Running GBFS bikeshare functions with OpenFaaS for fun and profit


Micro-mobility has gotten a lot of hype over the last couple of years. In many cities all over the world rentable city bikes, cargo bikes and electrical scooters has popped out and seriously changed the way people move, and it doesn't look like you can spell "smart city" without micro-mobility. The consulting company McKinsey is estimating that the value of the micro-mobility market will reach a value of $200 billion to $300 billion in the United States in 2030. What gives micro-mobility systems advantage is the accessability and digital-first approach providers have taken. Most bikeshare systems are activated via smartphones, and the bikes themselves are IoT devices producing data for the providers or the public to explore. To make micro-mobility more useful interoperability is important, and many standards have surfaced. One of these is the General Bikeshare Feed Specification (GBFS).

General Bikeshare Feed Specification (GBFS) and use cases

GBFS is an open data standard for bikeshare systems developed by North American Bikeshare Association. GBFS provides info about the system itself, including real-time data like available stations, capacity, available bikes and locks etc. This API can be freely used to build 3rd party systems or apps. How about a dashboard that shows your closest station and local weather forecast, or Amazon Echo skill to check for available bikes?
The GBFS systems overiew currently contains 228 providers using GBFS.

A search for GBFS on github topics shows a lot of project integrating with the standard, including my GBFS Bikeshare client for dotnet. This client is a great starting point for exploring several exiting concepts: serverless and function as a service.

Serverless, function as a service and OpenFaaS

Serverless architecture comes as a result of the rising popularity of cloud computing, where providers like Google, Microsoft and Amazon have raised the abstraction level when deploying software. At the infrastructure as a service (IaaS) level you have to mange VMs, the platform as a service (PaaS) level want your binaries or containers, while the function as a service (FaaS) provider needs one thing: your code. The runtime, scalability etc. Is taken care of by the cloud vendor.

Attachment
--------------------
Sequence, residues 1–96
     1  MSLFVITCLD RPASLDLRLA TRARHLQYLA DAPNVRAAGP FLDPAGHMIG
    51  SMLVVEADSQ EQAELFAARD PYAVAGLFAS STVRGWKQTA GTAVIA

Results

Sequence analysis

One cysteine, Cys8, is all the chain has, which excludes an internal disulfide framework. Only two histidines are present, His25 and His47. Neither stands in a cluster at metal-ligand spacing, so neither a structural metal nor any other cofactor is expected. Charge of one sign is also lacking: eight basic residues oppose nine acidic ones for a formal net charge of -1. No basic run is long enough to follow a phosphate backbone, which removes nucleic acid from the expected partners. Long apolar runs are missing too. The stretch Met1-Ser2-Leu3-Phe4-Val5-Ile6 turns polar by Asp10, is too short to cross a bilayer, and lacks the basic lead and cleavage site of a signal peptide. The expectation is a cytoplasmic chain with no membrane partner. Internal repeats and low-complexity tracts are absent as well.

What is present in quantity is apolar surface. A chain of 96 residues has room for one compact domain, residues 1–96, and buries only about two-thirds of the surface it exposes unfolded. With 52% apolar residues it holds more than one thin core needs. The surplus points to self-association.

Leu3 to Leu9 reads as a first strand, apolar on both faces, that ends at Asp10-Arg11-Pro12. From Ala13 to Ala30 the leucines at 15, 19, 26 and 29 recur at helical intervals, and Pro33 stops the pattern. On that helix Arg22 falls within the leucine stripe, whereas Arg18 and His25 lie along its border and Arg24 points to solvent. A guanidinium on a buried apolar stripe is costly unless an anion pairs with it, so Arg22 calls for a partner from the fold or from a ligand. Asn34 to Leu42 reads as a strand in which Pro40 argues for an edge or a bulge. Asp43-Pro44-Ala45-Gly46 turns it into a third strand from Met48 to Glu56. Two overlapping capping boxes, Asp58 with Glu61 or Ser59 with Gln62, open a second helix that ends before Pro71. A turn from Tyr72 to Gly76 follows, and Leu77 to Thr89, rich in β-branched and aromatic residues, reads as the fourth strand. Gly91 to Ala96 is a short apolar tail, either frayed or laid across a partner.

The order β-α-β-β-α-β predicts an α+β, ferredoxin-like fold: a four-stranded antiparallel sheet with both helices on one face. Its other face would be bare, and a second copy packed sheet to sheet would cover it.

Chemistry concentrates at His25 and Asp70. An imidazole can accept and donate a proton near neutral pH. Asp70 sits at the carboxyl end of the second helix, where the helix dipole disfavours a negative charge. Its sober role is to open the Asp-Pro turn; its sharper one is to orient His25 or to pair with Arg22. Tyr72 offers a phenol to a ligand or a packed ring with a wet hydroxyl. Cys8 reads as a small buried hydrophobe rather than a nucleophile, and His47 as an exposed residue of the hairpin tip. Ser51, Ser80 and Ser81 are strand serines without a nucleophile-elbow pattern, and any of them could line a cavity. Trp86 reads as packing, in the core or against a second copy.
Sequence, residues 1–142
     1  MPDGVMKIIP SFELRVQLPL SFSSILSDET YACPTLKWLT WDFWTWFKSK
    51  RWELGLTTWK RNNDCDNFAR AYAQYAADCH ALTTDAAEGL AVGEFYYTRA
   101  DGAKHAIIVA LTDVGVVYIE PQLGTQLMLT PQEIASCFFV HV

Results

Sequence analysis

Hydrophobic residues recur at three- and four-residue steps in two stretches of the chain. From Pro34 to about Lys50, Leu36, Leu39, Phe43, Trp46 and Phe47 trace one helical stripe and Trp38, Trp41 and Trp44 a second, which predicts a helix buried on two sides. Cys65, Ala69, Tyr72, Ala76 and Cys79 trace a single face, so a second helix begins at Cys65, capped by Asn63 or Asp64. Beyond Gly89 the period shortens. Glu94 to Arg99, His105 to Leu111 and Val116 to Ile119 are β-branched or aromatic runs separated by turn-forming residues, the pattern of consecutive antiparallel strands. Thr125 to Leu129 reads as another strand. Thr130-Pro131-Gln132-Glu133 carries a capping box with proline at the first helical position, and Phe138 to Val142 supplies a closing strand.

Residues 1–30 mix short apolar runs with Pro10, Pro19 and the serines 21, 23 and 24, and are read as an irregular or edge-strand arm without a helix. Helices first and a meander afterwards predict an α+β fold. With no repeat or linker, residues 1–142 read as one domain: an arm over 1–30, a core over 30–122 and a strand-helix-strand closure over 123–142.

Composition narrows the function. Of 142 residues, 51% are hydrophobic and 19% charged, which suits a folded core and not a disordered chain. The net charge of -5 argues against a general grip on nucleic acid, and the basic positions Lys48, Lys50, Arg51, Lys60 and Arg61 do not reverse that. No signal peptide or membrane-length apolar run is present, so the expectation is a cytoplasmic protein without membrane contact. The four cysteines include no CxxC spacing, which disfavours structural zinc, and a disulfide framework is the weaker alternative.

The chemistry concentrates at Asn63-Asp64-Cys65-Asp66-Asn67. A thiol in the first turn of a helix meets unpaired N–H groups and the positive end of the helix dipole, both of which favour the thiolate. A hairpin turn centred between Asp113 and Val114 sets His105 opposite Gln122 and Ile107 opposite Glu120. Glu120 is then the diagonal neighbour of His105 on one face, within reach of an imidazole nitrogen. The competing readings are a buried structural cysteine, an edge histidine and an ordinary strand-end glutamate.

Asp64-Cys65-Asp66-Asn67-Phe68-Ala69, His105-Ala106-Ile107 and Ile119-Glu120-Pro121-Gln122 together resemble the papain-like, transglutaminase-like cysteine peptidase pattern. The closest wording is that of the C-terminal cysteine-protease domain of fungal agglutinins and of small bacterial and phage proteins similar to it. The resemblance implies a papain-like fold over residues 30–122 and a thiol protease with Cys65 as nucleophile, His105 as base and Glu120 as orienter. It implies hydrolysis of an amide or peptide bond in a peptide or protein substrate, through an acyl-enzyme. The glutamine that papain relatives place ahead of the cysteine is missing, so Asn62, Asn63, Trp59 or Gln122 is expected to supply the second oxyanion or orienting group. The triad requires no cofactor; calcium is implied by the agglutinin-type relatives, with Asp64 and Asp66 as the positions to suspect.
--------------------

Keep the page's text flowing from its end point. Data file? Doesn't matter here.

FaaS can be looked at as breaking up the microservice pattern into smaller pieces. Examples of functions can be transforming input data and store it in a database, resize images, handle messages on a queue or, to stay in the micro-mobility domain, check the availability status on a bikeshare station.

The biggest criticism directed at serverless and FaaS is vendor lock-in. Amazon has Lambda, Microsoft has Azure Functions, and Google has Cloud Functions. Since these platforms require plain code to run, some platform specific boilerplate or project types are needed for each platform, thus not contributing to portability between vendors.

So vendor lock-in is one thing, but I would also like the possibility to run a serverless FaaS solution on that old VMWare cluster in the basement, the Mac mini rack or on the Raspberry Pi spotted in the wild. Luckily, OpenFaaS is here to help. OpenFaaS is a framework that leverages container technology to run functions in containers on top of orchestrators like Docker Swarm and Kubernetes. This breaks the FaaS architecture free from the cloud vendors, providing the freedom to deploy serverless application in any environment offering a container orchestrator.

OpenFaaS architecture The OpenFaaS architecture.

Baby's first GBFS bikeshare functions

So let's put OpenFaaS to work and build some GBFS powered bikeshare functions.

For development purposes, running OpenFaaS via Docker Swarm is a good approach.
The installation of OpenFaaS and initialization of a Swarm cluster is straight forward.

My preferred language is C# and dotnet core, so to write the dotnet function a template is needed.
Github user burtonr has written a nice dotnet template with Kestrel and async support, perfect for high performance HTTP functions. To fetch the template:

$ faas-cli template pull

Next, let's have a look at what a typical function might look like. The GBFS systems list is currently in CSV format, but I prefer to abstract it away and offer it as JSON via HTTP endpoint.